In some places Polly-Anna hides, she’s afraid of the crushing criticism. No, no, not said aloud, spoken words, but criticism that you taste and feel as you breathe in, the droplets of disdain, landing dew-like in your lungs. Maybe Polly-Anna is weak, she doesn’t mean to be, she has just learnt over the years, that raw un-throttled enthusiasm is not the way to form connection. Not in HERE anyways. Rather, enthusiasm, only serves to alienate and isolate.

Whereas the cynicism, dark and comforting, like dark chocolate, sinful and rich. Melting on our tongues and coating the hope that so recently stood there, white now coated in dark. Now, we are on the same team. A feeling of shared battle, of shared defeat. It is their fault not ours. We are tough, we will keep going, not fall prey to the campaigns and promises. We know better. We know better than to believe and give our hearts to it.

Really it’s not so much that it is a choice, it’s just a means of survival. A way to protect the inside parts that like a tin are so crushable and so worth not having crushed. An armour to wear on the way to the place I need to get.

There are secret pockets, places where hope shines in its glory and brilliance, where she is allowed to come out blazing. But we try not to talk about these pockets too much, we just know they are there. These are the spots and moments we wait for, like spring flowers and shared laughing fits; they are worth the wait. Where dreams dance, up on the tables, drunk with the possibilities of the impossible.

Some days it is hard to fathom how these 2 are the same person and how I let both of them belong. How even sometimes, I encourage both of them to continue rather than take a stand and decide finally to commit. Somehow this possibility is not part of this landscape.

In HERE, it’s not like that…

“Listen to the mustn’ts, child. Listen to the don’ts. Listen to the shouldn’ts, the impossibles, the won’ts. Listen to the never haves, then listen close to me… Anything can happen, child. Anything can be.” 
― Shel Silverstein

Student voice, vision, vigor: #moocon24

SoMe

Several months ago, one of my Social Media students, Freya Kellet (who I fondly describe as the equal to 5 high-functioning adults) suggested a 24 hour international online conference as a possible class project. At the time, I dismissed the idea as over the top and beyond our class’s capabilities. I was kind, but dismissive of Freya’s suggestion…we had real work to do!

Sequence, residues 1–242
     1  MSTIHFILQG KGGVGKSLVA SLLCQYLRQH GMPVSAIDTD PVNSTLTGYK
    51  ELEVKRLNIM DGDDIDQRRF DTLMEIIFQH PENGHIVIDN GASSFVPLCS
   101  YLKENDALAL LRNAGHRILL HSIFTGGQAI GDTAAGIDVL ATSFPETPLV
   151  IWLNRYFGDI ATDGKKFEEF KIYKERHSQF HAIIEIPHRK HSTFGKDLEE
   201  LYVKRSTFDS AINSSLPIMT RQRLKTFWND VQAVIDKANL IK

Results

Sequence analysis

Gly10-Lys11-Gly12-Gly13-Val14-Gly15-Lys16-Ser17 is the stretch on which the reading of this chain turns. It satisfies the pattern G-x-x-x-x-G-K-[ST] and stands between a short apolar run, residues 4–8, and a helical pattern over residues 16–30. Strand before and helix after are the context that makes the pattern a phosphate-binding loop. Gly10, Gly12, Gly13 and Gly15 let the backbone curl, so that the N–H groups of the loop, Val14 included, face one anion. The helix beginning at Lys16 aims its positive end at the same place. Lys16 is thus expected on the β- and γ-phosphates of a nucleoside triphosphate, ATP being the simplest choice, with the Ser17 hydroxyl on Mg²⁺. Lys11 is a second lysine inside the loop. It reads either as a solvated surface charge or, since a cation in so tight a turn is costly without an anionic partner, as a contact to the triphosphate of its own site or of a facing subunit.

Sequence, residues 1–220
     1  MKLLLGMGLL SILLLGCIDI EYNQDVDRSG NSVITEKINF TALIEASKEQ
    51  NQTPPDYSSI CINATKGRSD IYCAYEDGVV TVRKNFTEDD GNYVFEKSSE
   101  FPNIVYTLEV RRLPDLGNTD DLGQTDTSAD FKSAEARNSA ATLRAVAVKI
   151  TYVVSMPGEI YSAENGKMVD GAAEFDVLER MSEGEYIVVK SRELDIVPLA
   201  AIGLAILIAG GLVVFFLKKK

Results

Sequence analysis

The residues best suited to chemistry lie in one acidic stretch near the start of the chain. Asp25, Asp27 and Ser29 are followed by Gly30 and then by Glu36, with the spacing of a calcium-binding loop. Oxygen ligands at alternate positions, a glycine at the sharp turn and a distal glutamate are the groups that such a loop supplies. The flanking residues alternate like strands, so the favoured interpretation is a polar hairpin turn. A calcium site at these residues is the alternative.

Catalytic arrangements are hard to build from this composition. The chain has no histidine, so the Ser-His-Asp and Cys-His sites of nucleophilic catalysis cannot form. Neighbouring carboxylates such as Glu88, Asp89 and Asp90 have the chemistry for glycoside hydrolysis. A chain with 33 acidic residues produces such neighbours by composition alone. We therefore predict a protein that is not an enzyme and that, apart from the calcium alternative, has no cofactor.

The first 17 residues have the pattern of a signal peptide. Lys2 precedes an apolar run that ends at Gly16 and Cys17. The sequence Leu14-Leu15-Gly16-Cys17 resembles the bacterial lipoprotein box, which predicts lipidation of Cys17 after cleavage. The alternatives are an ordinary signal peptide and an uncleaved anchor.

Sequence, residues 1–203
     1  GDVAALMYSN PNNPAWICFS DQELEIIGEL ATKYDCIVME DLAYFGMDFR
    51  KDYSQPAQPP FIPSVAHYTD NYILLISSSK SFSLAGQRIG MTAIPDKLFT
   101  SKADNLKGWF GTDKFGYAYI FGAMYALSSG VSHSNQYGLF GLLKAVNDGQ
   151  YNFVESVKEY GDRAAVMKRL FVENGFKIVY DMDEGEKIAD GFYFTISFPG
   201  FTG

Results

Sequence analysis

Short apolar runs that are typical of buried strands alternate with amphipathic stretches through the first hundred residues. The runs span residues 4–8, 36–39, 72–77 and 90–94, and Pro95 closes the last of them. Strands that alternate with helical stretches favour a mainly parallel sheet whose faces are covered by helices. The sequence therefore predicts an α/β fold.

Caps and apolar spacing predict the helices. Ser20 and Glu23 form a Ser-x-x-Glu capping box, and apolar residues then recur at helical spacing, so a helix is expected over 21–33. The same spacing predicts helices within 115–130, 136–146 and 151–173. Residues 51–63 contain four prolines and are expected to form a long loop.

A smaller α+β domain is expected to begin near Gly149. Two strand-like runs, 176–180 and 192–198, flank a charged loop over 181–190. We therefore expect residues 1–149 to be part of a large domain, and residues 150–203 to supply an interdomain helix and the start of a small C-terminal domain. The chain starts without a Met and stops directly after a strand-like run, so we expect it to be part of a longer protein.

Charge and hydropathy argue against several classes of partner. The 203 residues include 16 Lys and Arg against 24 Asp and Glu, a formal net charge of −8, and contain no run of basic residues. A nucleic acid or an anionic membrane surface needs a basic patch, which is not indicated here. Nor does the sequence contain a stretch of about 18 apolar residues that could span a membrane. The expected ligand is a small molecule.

Since Freya first made her suggestion lots has happened with our class; we received a provincial grant and have been busy planning a 3 day student led, Digital Citizenship conference for students, parents and teachers in School District 23. We have made presentations to district administrators, the district BYOD committee and our director of instruction on the topic of Digital Citizenship. Students worked incredibly hard to make polished, professional presentations to suit an adult audience. At each presentation I was bursting with pride to see them making their learning visible! Their commitment, their vision, the vigor of their learning was evident! The response has been overwhelmingly positive and we have received support and encouragement from our district for this student initiated project. We are excited to be partnering with our district in hosting the conference, SoMe Summit:Co-constructing Our Digital Futures,  which will be held November 20, 21, 22. We are also excited that Dr Alec Couros will be working with us for these 3 days.

Luckily for me, Freya is a focused and determined 15-year-old. She did not give up on her dream of having a global conversation with other students on how they can change education, one small action at a time. During a Google hangout our class did with Dr. Alec Couros, to find our direction in the large topic of Digital Citizenship, he suggested we might consider doing a project that tapped our networks. We could then use the project as an example of the power of Social Media. WELL…that was opening…it seems that Freya’s dream was destined to be.

Here we are little more than 2 weeks since that conversation and we are excited to launch our plan to host a 24 hour online youth-sourced conference, that we are calling #moocon24 (Massive Open Online 24 Hour Conference). Below is a brief intro video for this student visioned project. It is interesting to note that this project unintentionally aligns with many of the internationally recognized ISTE NETS for Students.
If you know any teachers in your network who have a class or student group (aged 13 to 18) locally or internationally and might be interested in such a project please pass onto them. If you have any ideas or insights for our project we would love to hear them!

If you’d like to learn more about this project visit the #moocon24 website